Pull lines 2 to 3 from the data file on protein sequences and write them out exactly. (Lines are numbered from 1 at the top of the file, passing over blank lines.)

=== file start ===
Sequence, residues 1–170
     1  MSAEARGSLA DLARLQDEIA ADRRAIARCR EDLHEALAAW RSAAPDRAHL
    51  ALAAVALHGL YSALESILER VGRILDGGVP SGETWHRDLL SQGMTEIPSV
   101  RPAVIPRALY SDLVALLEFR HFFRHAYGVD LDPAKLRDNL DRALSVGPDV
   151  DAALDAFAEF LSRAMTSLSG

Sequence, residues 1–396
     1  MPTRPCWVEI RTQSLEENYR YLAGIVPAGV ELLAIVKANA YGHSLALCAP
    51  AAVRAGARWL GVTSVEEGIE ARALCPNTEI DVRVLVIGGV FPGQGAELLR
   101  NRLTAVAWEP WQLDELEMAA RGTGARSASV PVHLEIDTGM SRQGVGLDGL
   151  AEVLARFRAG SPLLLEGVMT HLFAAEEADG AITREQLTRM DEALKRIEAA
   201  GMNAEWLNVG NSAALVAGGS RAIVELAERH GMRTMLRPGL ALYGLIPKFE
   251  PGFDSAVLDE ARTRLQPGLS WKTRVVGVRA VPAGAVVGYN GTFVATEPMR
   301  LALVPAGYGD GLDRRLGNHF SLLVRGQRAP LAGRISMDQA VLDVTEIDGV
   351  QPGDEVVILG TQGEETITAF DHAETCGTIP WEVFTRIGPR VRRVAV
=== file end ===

     1  MSAEARGSLA DLARLQDEIA ADRRAIARCR EDLHEALAAW RSAAPDRAHL
    51  ALAAVALHGL YSALESILER VGRILDGGVP SGETWHRDLL SQGMTEIPSV